ICNL supports United Nations special rapporteurs with mandates relevant to civic freedoms, including the rights to peaceful assembly and association, the right to freedom of expression, counter-terrorism and human rights, and the human rights of migrants. To strengthen their mandates, ICNL supports research, provides expert submissions, convenes consultations with civil society, and hosts events to publicize special rapporteurs’ reports.
Civil Society & FATF
ICNL and ECNL work with national partners to respond to restrictions on civil society arising from processes associated with the Financial Action Task Force. We also directly engage with the Task Force through our membership in the FATF Private Sector Consultative Forum, a policy-implementation advisory body.
Civic Space & OGP
ICNL is working with the Open Government Partnership and civil society and government partners to increase recognition of the importance of an enabling environment and to promote the adoption and implementation of member state commitments to expand civic space and address key constraints on civil society. ICNL has provided technical assistance to OGP governments, including subnational governments through the OGP Local program, to support the development of ambitious civic space commitments. ICNL has conducted workshops, developed explanatory materials, and provided advice to civil society partners advocating for the inclusion of civic space commitments in OGP action plans. ICNL also works with the OGP Support Unit and government and civil society Steering Committee members to communicate the importance of civic space as a foundation of open government.
Development and Civic Space
Civil society organizations have a key role to play in delivering sustainable development. ICNL works on two levels to protect CSOs’ ability to play this role. First, ICNL promotes civil society participation in global development initiatives and organizations, including the annual High-Level Political Forum for the UN’s Sustainable Development Goals, the Task Team for CSO Development Effectiveness and Enabling Environment, and the Organisation for Economic Co-operation and Development’s Development Assistance Committee (OECD/DAC). Second, ICNL seeks to promote norms in the context of development cooperation and humanitarian assistance activities that safeguard civic freedoms and elevate the role of civil society as partners and independent actors in these areas. In 2021, for example, ICNL worked with civil society partners to provide inputs into the OECD/DAC’s first-ever policy instrument on enabling civil society, which will provide a sound basis for efforts by donors to support civil society and civic space in the coming years.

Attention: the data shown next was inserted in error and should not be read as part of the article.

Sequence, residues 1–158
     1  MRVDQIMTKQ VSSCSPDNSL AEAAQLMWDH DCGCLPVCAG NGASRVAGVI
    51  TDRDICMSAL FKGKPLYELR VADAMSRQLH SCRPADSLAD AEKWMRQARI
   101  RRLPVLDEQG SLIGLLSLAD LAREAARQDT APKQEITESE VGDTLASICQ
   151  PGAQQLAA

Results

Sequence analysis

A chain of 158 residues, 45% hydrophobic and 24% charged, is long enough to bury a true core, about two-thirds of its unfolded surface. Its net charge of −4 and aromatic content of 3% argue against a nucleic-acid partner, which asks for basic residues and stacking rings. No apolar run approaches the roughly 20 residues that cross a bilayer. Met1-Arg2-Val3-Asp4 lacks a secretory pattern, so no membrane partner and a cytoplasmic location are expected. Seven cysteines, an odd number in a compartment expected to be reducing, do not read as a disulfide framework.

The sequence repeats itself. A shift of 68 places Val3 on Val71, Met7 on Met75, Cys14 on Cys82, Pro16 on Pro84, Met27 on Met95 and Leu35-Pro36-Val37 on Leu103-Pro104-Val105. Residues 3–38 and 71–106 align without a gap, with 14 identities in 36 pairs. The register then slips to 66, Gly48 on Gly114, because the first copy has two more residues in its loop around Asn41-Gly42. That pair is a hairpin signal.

Extractives and Civic Space
ICNL is working with civil society partners and with key multilateral initiatives, such as the Extractive Industries Transparency Initiative (EITI), to support an enabling environment for civil society participation in natural resource governance and to ensure accountability for restrictions imposed on civil society in the context of extractives activities. This includes the publication in 2021, by ICNL and partner Publish What You Pay, of guidance for civil society partners on using EITI processes to flag concerns about civic space in EITI implementing countries.
ICNL has produced many research products exploring issues affecting civic space on the global level. Below are our key resources.
The United Nations special rapporteur on the rights to freedom of peaceful assembly and of association, Clément Nyaletsossi Voule, identified the challenges posed by digital technology as a key priority during his tenure. To support his efforts, ICNL arranged for the special rapporteur to meet with civil society organizations working on technology, digital rights, and media issues in Mexico City and Nairobi. The consultations resulted in observations and recommendations that the special rapporteur drew on in his 2019 report on this important issue.
The recent wave of constraints on civil society is a subject of concern worldwide. ICNL’s 2018 report contributes to the discussion by examining trends in the closing of civic space, the reasons donor governments should counter these trends, and the ways in which they can do so effectively.
Between 2010 and 2015, 35 percent of new restrictions imposed on civil society around the world focused on international funding. ICNL president Douglas Rutzen explores this trend as well as the global crackdown on civil society in this article in the Journal of Democracy.